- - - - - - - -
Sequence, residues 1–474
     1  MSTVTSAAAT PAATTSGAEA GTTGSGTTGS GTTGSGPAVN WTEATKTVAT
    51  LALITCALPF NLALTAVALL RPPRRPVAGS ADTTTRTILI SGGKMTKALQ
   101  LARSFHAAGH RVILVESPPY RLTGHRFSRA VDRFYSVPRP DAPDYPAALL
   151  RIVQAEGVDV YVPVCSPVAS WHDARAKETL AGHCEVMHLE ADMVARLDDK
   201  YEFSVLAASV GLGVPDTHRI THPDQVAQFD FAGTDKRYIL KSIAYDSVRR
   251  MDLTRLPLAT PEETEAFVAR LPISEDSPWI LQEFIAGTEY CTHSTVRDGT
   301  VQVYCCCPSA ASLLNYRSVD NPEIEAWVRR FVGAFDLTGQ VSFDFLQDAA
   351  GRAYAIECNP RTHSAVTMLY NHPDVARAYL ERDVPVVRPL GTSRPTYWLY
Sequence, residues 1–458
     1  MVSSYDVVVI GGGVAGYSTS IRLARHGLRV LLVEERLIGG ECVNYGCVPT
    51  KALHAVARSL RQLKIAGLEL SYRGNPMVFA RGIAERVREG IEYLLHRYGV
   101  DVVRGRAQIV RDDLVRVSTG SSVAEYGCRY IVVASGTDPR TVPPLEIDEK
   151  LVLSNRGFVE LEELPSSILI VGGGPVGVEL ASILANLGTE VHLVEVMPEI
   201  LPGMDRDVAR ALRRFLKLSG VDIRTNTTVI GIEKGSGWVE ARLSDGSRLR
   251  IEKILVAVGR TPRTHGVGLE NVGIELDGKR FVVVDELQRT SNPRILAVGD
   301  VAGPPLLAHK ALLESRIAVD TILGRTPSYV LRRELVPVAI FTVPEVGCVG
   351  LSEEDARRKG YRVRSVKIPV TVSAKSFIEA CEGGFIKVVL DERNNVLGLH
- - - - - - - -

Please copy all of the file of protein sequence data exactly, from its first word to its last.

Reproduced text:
Sequence, residues 1–474
     1  MSTVTSAAAT PAATTSGAEA GTTGSGTTGS GTTGSGPAVN WTEATKTVAT
    51  LALITCALPF NLALTAVALL RPPRRPVAGS ADTTTRTILI SGGKMTKALQ
   101  LARSFHAAGH RVILVESPPY RLTGHRFSRA VDRFYSVPRP DAPDYPAALL
   151  RIVQAEGVDV YVPVCSPVAS WHDARAKETL AGHCEVMHLE ADMVARLDDK
   201  YEFSVLAASV GLGVPDTHRI THPDQVAQFD FAGTDKRYIL KSIAYDSVRR
   251  MDLTRLPLAT PEETEAFVAR LPISEDSPWI LQEFIAGTEY CTHSTVRDGT
   301  VQVYCCCPSA ASLLNYRSVD NPEIEAWVRR FVGAFDLTGQ VSFDFLQDAA
   351  GRAYAIECNP RTHSAVTMLY NHPDVARAYL ERDVPVVRPL GTSRPTYWLY
Sequence, residues 1–458
     1  MVSSYDVVVI GGGVAGYSTS IRLARHGLRV LLVEERLIGG ECVNYGCVPT
    51  KALHAVARSL RQLKIAGLEL SYRGNPMVFA RGIAERVREG IEYLLHRYGV
   101  DVVRGRAQIV RDDLVRVSTG SSVAEYGCRY IVVASGTDPR TVPPLEIDEK
   151  LVLSNRGFVE LEELPSSILI VGGGPVGVEL ASILANLGTE VHLVEVMPEI
   201  LPGMDRDVAR ALRRFLKLSG VDIRTNTTVI GIEKGSGWVE ARLSDGSRLR
   251  IEKILVAVGR TPRTHGVGLE NVGIELDGKR FVVVDELQRT SNPRILAVGD
   301  VAGPPLLAHK ALLESRIAVD TILGRTPSYV LRRELVPVAI FTVPEVGCVG
   351  LSEEDARRKG YRVRSVKIPV TVSAKSFIEA CEGGFIKVVL DERNNVLGLH